My biggest regrets were the students that I believed I failed because I didn’t have a strong relationship with them. There were really only two that stand out. I always wonder what their lives would be like if only my interactions with them were different. That and having to take three years to get comfortable managing the classroom. I went from one extreme to the next – my first year, I was what we call an Unintended Enabler, and my second year I was more of a Negative Controller. By my third year, I found the balance of becoming a No-Nonsense Nurturer. I wish I knew about brain research then and how my interactions with those two students impacted their brain.
What is your unique perspective when working with teachers, coaches, or principals?
I’m a huge believer in relationships. Relationships matter! When I’m able to relate to someone on a personal level, embracing their humanity and mindset, that’s when compassion enters the relationship and transformation is possible. It’s difficult to work with someone without having a relationship. So, I am intentional about building/having frequent touch points with teachers, coaches and principals.
What are you an ‘expert’ in besides CT3’s work?
Special Education Administration – mediation involvement, advocating for students with IEPs, helping parents understand their rights, supporting teachers in getting students adequate resources, helping educators understand when there is a need for an IEP vs. the lack of understanding/connection between teacher and student or school and student. So, addressing the overrepresentation of minorities (especially boys) in special education.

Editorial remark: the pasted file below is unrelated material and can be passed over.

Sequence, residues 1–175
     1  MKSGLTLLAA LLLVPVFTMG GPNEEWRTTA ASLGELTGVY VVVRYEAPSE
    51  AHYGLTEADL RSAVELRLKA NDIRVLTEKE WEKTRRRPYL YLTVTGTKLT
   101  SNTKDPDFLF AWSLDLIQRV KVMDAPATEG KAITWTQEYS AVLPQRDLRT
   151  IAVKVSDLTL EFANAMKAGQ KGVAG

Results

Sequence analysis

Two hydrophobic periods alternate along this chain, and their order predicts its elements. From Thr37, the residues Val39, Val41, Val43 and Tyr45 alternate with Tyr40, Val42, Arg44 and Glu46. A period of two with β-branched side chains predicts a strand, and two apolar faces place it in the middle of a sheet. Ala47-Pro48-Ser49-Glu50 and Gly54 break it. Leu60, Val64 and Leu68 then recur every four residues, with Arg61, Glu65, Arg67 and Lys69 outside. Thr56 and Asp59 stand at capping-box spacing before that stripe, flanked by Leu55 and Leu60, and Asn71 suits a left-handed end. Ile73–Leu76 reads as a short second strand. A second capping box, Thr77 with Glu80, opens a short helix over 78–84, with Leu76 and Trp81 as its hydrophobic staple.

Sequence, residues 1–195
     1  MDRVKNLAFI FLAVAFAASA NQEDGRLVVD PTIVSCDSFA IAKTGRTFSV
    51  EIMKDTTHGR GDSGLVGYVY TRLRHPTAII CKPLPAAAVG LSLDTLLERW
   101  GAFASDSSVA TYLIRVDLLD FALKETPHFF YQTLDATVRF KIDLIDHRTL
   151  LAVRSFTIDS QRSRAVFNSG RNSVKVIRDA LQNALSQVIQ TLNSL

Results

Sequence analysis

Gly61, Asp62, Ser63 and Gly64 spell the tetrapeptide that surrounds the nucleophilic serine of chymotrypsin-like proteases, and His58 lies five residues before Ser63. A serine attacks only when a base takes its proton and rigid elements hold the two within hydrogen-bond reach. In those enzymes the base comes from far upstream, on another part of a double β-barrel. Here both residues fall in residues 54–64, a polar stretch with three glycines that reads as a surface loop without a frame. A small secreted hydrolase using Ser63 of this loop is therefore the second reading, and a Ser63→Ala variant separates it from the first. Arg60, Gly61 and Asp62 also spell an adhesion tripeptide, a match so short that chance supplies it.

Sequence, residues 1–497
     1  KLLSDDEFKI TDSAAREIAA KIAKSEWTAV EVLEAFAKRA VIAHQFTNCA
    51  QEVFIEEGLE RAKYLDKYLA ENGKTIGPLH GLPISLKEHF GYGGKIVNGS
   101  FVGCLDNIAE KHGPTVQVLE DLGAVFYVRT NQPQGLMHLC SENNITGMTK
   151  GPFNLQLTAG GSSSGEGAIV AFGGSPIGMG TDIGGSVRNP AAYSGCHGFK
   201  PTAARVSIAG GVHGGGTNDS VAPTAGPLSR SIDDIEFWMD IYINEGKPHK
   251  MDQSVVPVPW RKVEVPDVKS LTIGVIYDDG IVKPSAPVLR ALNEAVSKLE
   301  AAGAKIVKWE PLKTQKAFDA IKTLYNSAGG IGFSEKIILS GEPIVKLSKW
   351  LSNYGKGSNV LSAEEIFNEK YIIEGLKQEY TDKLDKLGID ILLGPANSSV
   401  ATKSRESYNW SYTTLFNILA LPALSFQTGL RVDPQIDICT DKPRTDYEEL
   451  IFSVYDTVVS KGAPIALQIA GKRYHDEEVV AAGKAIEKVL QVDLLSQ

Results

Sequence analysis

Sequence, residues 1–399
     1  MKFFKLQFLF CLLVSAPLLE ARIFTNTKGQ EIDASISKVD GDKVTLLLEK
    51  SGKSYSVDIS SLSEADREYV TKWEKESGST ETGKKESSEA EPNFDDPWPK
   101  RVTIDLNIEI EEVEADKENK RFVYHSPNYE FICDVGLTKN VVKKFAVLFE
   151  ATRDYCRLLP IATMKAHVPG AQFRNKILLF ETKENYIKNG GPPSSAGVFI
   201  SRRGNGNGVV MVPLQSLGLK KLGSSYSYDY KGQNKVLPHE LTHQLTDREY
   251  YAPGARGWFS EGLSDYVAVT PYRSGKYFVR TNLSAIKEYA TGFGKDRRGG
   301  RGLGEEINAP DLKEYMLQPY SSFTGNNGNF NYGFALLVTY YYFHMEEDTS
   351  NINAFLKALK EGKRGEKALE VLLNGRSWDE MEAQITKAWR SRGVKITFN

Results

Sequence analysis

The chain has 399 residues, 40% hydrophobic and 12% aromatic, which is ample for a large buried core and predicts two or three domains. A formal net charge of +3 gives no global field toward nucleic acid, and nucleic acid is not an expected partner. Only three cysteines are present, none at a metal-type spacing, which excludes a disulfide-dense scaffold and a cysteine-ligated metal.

What in your opinion is the most important aspect of school in order to best serve students?
Structure and relationships! Clearly communicated expectations provide structure and implementing those through relationships! There are so many layers to this….
What is your best advice for a first-year teacher?
My best advice for a first-year teacher is to find the good in every single student, especially ones that present as challenges the most and build relationships with them.
If you could only tell educators ONE thing about Real Time Teacher Coaching, what would it be?
Be open-minded and just give it a chance. It WILL bring about shifts in your practice. Be open-minded – even if you think you have nothing left to learn and if all your students are passing the district and state assessments.
What’s been your proudest moment working with educators and students?
Hands down, my proudest moment was becoming a Principal before the age of 30 in Gary, Indiana! So many things that I wish I knew then, but having the opportunity was priceless.
Read more about Vynesha here.
Click here to read Vynesha’s post on our blog on the power of restorative conversations.
Vynesha’s article “Teaching Teachers to Change the Discourse” was featured in the November 2016 issue ASCD Express: Disrupting Inequity. In it, she shared her thoughts on growing up as an African-American in Alaska, and how that experience helped her shift mindsets – a skill she uses in her work at CT3.